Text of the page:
HSI/Europe believes that the EU must urgently update existing animal welfare standards and extend the legislative scope to ensure that there are rules for all species kept for food. This must also include an end to caged confinement for all farm animals.

Animal welfare during transport

While we are also working to reduce the consumption of animal products, it is imperative to improve the welfare of the animals being raised and killed for food, especially during their last hours, when they experience immense suffering. Transporting animals for long distances is senseless given that they could be slaughtered more locally and their carcasses transported.

There are EU rules governing live transport, but these are inadequate, outdated and poorly enforced by many Member States. HSI/Europe is of the opinion that maximum journey times should be introduced and more specific requirements are needed for the transport of different species. Transport of unweaned calves and other vulnerable animals should be prohibited.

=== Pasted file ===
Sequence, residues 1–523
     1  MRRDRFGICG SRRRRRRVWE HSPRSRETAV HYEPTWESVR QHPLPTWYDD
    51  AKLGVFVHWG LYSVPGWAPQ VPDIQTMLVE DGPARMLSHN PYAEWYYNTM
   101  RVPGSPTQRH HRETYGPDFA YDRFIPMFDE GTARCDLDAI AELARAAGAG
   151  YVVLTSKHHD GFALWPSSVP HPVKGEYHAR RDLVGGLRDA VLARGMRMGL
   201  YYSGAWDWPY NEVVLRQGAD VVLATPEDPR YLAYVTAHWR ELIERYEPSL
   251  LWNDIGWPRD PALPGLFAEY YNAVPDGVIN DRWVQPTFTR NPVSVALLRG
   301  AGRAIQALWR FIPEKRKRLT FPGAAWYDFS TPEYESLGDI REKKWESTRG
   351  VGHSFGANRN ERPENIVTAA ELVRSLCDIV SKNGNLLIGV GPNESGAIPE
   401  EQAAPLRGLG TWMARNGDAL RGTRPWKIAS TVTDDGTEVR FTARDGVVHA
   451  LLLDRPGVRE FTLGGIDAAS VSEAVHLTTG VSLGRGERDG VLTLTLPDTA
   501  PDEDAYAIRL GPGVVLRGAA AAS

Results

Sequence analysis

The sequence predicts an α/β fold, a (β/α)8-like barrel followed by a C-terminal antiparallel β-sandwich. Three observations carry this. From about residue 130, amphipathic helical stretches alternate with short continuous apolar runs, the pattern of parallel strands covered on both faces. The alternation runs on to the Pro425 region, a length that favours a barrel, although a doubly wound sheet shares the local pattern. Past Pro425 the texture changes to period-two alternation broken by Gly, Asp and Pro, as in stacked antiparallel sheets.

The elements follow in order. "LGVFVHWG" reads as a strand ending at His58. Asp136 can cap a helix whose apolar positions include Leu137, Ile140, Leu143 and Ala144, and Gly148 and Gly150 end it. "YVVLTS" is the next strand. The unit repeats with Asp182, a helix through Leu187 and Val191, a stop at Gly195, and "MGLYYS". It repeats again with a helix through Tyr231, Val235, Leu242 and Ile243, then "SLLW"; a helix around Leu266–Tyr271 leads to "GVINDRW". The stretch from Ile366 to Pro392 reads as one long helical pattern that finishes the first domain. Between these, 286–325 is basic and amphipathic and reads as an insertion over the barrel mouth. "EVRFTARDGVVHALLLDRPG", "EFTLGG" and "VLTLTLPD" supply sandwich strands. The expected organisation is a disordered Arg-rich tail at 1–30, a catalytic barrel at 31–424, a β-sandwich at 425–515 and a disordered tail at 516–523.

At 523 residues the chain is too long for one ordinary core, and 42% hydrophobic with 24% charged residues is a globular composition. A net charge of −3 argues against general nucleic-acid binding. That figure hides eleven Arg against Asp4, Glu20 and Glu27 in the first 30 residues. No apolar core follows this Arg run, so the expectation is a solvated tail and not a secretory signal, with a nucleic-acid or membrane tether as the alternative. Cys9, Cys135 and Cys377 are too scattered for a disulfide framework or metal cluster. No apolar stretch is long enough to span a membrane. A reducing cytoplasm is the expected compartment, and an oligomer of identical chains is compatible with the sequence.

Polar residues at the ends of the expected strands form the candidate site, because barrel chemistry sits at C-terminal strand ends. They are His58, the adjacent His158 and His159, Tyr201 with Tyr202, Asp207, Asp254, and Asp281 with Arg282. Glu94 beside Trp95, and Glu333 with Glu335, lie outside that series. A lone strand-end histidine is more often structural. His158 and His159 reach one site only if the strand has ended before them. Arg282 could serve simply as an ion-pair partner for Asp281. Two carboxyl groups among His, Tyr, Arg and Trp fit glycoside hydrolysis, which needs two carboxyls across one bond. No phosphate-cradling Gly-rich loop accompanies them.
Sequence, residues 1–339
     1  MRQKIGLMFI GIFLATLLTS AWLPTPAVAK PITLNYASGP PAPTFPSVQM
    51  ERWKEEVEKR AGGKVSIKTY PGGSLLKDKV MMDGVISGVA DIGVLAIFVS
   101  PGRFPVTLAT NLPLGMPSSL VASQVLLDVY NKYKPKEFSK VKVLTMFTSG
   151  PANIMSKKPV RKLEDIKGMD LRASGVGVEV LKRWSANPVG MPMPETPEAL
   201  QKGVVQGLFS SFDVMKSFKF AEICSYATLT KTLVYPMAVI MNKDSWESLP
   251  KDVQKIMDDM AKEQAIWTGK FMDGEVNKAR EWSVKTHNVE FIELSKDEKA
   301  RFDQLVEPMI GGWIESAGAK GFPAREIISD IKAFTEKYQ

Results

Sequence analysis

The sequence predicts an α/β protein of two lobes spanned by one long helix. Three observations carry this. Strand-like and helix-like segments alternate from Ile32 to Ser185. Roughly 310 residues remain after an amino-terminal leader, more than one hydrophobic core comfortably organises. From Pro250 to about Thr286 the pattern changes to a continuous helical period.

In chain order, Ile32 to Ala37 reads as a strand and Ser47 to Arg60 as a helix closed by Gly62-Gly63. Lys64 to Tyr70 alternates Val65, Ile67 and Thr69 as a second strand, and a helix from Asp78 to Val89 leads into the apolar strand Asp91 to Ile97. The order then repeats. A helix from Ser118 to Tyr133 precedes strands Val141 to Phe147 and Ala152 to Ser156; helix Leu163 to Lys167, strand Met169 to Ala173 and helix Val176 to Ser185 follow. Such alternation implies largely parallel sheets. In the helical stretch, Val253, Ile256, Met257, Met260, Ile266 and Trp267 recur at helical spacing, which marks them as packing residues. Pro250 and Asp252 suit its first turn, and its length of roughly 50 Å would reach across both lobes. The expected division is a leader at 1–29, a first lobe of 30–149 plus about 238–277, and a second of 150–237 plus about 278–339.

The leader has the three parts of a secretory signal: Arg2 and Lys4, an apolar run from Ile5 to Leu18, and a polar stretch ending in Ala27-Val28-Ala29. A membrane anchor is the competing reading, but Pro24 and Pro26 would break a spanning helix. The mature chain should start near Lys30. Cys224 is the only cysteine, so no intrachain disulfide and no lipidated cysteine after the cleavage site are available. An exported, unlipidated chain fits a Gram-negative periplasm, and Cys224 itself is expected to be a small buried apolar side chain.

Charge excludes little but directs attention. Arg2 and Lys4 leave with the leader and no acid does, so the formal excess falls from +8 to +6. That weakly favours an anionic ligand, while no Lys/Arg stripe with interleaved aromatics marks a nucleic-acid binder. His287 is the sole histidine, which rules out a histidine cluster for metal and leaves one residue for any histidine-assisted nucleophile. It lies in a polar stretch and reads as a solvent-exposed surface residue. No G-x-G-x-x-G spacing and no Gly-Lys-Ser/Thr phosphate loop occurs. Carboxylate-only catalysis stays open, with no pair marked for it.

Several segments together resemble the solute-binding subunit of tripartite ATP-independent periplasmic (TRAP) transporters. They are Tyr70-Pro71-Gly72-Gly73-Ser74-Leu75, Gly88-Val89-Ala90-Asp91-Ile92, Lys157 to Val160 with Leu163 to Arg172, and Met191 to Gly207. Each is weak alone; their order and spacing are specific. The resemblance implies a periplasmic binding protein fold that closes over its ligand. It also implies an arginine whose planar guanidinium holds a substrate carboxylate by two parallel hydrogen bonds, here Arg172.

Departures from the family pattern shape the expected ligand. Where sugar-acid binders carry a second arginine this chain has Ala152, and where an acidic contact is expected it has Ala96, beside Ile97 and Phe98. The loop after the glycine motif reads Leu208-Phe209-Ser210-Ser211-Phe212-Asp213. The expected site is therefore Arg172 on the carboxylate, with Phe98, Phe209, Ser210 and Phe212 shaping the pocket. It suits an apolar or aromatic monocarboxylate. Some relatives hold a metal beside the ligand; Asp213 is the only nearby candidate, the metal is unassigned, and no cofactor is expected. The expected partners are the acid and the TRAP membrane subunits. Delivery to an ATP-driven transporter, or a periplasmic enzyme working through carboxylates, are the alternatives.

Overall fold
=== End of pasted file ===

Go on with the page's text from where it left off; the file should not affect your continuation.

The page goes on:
It is also important that the export of live animals to non-EU countries for both slaughter and breeding be banned. Time and time again, the horrific conditions of animals transported by road and sea for slaughter in, for example, the Middle East, have been exposed. Animal transports also routinely get stuck for days at the EU’s borders, leaving animals to suffer at high temperatures. This must end.

Animal welfare on farms

The billions of animals kept on EU farms deserve better treatment. HSI/Europe strongly believes that action needs to be taken to phase out the caged confinement of farm animals, such as laying hens, within a maximum of five years.

Surgical mutilations, such as tail docking, beak-trimming, dehorning and piglet castration, should be prohibited. These practices are cruel and unnecessary.

Many consumers also do not even realise that there are no species-specific EU animal welfare standards for dairy or beef cattle, let alone for sheep, goats, rabbits, turkeys, ducks, geese or farmed fish. This must change. We need standards tailored to the welfare needs of each species kept for food production. Imported animal products should also be conditionally subject to EU animal welfare requirements.